The Ergohacks Verdict

There’s a technical term in retail called Attach Rate. It defines how many accessories people buy to a product. For gaming, this works really well from consoles – if you buy an Xbox One how many games are you likely to buy to go with it? The Switch has so far proved to have an amazingly high rate with at some points more people buying a copy of the Legend of Zelda than the Switch itself. Mario hasn’t released figures yet but I think it’s going to be almost as good.

After two weeks availability, most people reading this are going to fall into two camps. They’re either Switch owners and have probably already going to own Super Mario Odyssey or people looking at the Switch as a whole and Super Mario as one of the two lead titles. Let me skip ahead for you all. It’s an amazing game. If you’ve got a Switch you should buy it. If you’re considering a Switch it and Zelda make a very convincing case on their own and Mario is an amazing game – I’ll be tagging it with Essential at the end of the review.

That’s not to say it’s perfect. There are the occasional viewpoint glitches such that you can’t see where you’re going and see the backside of a wall and the story wears a little thin and un-original at points. The biggest problem is Nintendo’s insistence in showing off the motion controlling abilities of the Switch. That has resulted in a control scheme where you have to shake, flick or otherwise move the controller around and if you’re willing to play with one Joycon in each hand you can get by far the best control. That isn’t, however, a hand configuration people are used to and worse than that it makes the Switch hard to play on the go in it’s tablet form. Spinning your Cap around yourself is a great defensive manoeuvre and involves moving the controller in a circle – can you imagine doing that on the morning commuter train?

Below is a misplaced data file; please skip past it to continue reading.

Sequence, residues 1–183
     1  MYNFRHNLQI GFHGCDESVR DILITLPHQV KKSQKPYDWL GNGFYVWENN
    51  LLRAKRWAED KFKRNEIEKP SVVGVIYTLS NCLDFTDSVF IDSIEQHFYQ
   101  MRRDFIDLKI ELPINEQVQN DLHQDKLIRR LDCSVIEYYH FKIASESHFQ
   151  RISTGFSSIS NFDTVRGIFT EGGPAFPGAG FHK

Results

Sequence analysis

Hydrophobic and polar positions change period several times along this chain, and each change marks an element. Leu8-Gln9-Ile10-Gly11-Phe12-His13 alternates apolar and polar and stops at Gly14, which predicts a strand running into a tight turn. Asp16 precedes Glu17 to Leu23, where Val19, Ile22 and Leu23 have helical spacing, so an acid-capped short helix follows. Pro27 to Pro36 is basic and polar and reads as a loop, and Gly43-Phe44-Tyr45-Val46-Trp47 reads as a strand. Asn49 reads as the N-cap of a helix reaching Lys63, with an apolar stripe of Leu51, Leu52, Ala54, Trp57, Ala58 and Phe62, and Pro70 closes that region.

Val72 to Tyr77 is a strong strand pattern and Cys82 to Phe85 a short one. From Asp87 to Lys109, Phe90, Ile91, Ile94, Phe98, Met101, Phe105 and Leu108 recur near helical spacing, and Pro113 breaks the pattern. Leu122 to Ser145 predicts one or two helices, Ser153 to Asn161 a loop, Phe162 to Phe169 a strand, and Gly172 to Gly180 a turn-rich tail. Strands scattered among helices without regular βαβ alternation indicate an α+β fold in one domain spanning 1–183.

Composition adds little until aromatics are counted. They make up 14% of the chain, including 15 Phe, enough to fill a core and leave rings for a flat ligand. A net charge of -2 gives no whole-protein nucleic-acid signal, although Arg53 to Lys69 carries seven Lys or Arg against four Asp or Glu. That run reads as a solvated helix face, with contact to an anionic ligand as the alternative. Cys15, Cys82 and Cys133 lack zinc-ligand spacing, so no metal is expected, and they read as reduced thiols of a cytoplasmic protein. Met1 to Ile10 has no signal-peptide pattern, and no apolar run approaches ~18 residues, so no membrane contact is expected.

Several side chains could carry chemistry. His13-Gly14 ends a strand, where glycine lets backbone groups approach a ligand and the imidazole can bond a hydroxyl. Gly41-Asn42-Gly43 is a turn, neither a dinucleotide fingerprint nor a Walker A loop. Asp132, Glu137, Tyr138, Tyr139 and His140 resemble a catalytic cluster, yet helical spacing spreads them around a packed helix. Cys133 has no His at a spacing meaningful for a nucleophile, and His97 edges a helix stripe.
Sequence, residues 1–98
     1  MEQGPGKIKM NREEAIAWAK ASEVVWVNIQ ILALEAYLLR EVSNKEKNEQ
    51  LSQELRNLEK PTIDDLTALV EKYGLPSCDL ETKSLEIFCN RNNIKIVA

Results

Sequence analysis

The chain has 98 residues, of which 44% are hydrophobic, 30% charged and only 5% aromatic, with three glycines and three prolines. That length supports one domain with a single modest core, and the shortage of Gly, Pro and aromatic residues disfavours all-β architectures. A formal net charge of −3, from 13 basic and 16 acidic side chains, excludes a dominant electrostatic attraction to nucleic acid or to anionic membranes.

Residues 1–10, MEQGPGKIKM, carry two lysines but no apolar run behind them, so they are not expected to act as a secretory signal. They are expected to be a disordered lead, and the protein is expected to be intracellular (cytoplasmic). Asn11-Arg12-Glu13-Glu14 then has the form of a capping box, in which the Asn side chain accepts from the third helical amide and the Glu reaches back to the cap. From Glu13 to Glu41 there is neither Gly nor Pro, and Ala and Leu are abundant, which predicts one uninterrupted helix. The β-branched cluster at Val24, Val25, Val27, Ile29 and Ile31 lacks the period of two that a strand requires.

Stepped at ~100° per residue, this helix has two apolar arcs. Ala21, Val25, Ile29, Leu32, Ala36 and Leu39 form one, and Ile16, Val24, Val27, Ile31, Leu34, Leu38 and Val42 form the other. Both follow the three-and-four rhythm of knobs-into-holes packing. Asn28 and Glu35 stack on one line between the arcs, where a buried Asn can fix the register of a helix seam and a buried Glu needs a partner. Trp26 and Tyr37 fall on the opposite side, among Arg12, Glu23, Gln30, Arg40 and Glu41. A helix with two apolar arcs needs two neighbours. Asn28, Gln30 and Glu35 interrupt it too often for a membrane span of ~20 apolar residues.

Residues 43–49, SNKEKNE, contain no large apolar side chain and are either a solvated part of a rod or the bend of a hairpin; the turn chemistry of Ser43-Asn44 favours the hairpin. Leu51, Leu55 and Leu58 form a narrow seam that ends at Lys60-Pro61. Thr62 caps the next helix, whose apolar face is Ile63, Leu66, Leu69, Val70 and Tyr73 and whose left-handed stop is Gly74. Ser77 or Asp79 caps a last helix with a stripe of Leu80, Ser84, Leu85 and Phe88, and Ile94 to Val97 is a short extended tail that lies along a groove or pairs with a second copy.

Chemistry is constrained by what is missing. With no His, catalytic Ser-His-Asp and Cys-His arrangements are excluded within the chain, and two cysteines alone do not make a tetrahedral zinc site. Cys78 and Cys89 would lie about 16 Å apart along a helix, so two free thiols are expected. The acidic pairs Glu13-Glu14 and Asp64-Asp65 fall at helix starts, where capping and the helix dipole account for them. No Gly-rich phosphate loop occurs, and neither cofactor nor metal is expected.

So what’s so good? Odyssey’s a 3d Platformer with occasional retro 2d sections. You and your new ally Cappy go from land to land collecting moons which then power up your ship to move you to the next areas. You’re chasing Bowser and his rabbit henchpeople who’ve kidnapped Princess Peach and are setting up a wedding. Each area has some easy to find moons and some that can be devilishly difficult to puzzle out. You need to find about half the hearts to get through so you can make through quite easily if you want to or if you want to be completionist you can take a much harder route. Nintendo has also given younger or inexperienced players a big boost with an Assist mode that gives you far more durability, shorter stages if you die and arrows to show you where to go next.

I’ve got a lot of hours invested in Odyssey in the last couple of weeks and Nintendo have pulled off their third masterpiece of 2017. It’s got that perfect combination of cuteness, playability and a level of difficult pitched perfectly. An essential buy if you’re a Switch owner and nearly reason enough to buy a Switch on its own.


Buy it from Amazon  

Price: ± £45

Insert gallery with 3 images


For games
Platforms: Switch
Genre: 3d Platformer with open world elements.
Number of players: single player and two player
Difficulty settings: Standard and assisted
Release date: October 27 2017
Audience Rating: 7 and older


Nintendo Switch only. If you choose to download the game rather than use a cartridge you’ll need around 5.7 gigs of space which is around a quarter of the Switch’s onboard capacity.

About Nintendo

Nintendo needs very little introduction. They started life making playing cards and went from market to market, settling on toys in the 1960s, then moved on to electronic games in the 1970s. They rose to dominance in the 1980s and 90s and are one of the major gaming companies worldwide. The last home console generation was a bad one for Nintendo with very poor Wii U sales, but they’ve remained dominant in the handheld market since the 3DS.

 We based our Ergohacks First Look on one week of tinkering, testing and playing Super Mario Odyssey kindly provided by Nintendo during October 2017.  This article was first published on 10 November 2017